Hiram Rhodes Revels: The First Black Congressman

By | February 18, 2020

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Hiram Revels, an African-American senator from Mississippi, taking oath of office in Washington. (Getty Images)

This Black History Month, we'd be remiss to overlook incredible life of Hiram Rhodes Revels, who was sworn into the U.S. Senate on February 25, 1870, just five years after the end of the Civil War. Revels was truly a man ahead of his time: He was not only America's first African-American congressman but also a Methodist minister, college administrator, and a chaplain for the United States Colored Troops fighting in the Civil War. Just how did Revels break Congress's color barrier? To answer that question, we must take another look at America's Reconstruction era

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The U.S. took a few big steps toward racial equality right after the Civil War, only to backslide a few years later. (history.com)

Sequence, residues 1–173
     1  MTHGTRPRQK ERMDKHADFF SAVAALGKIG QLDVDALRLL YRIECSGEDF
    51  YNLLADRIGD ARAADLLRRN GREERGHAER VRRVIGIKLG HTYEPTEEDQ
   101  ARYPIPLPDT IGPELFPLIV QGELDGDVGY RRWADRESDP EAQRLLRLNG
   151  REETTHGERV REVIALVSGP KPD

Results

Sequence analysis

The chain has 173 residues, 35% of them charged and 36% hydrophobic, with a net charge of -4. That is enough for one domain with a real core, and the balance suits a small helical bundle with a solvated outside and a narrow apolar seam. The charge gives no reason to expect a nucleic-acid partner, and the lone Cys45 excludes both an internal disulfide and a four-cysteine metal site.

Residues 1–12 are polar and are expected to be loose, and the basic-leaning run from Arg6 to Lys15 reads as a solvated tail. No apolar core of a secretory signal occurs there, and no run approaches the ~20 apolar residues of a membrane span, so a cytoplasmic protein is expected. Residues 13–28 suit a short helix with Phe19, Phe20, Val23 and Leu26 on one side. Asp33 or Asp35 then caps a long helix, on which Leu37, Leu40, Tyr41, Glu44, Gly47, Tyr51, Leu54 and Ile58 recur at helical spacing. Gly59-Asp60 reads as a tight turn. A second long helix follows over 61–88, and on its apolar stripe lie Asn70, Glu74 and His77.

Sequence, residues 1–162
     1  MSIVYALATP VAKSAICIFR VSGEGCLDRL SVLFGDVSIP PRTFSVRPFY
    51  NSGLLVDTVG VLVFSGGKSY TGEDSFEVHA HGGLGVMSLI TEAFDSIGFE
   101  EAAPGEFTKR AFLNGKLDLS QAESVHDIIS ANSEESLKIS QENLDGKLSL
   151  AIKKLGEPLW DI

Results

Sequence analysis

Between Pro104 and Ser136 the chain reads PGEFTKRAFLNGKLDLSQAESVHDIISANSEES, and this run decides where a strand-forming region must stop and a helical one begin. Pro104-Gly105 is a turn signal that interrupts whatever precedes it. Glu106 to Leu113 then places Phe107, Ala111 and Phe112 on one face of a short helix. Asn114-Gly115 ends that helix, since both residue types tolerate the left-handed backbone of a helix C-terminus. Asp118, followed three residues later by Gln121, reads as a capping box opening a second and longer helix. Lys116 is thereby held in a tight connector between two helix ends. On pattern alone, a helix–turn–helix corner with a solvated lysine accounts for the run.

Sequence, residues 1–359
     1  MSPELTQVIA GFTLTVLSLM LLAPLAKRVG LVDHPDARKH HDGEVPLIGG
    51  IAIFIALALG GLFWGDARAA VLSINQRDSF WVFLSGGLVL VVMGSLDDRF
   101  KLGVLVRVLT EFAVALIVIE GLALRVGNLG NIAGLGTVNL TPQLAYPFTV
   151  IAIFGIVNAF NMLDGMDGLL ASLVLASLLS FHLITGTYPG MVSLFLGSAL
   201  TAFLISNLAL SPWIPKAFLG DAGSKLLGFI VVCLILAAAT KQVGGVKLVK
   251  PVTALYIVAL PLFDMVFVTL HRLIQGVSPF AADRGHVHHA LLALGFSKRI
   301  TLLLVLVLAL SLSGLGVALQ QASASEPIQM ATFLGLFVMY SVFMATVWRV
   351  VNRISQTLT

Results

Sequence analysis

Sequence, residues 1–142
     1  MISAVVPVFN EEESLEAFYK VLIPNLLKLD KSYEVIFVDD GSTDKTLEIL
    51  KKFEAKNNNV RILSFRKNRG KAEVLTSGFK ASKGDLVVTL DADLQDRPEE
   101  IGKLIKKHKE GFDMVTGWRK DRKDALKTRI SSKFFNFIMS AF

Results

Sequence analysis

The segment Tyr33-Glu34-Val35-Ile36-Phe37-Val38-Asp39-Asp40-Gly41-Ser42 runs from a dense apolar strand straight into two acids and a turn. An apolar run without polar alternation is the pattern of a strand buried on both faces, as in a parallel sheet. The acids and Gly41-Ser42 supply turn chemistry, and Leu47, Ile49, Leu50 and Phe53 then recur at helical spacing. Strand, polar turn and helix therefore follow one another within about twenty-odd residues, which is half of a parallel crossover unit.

The Reconstruction Era And Racial Equality

The decades leading up to the American Civil War (and the war itself) were marked by terrible racial inequality in the United States. Slavery was a common practice in the southern states, and the slave trade was a thriving industry. After Lincoln's Emancipation Proclamation and the Union victory in the Civil War, however, the real work began. The early years of Reconstruction saw the passage of several key laws that were designed to turn the country into an interracial democracy, and for a time, it looked like tremendous progress in racial equality was being made. Sadly, it didn't last long. Within a few years, it became clear that the laws granting rights for all were meaningless gestures as more laws were passed to further erode the rights of racial minorities in the U.S.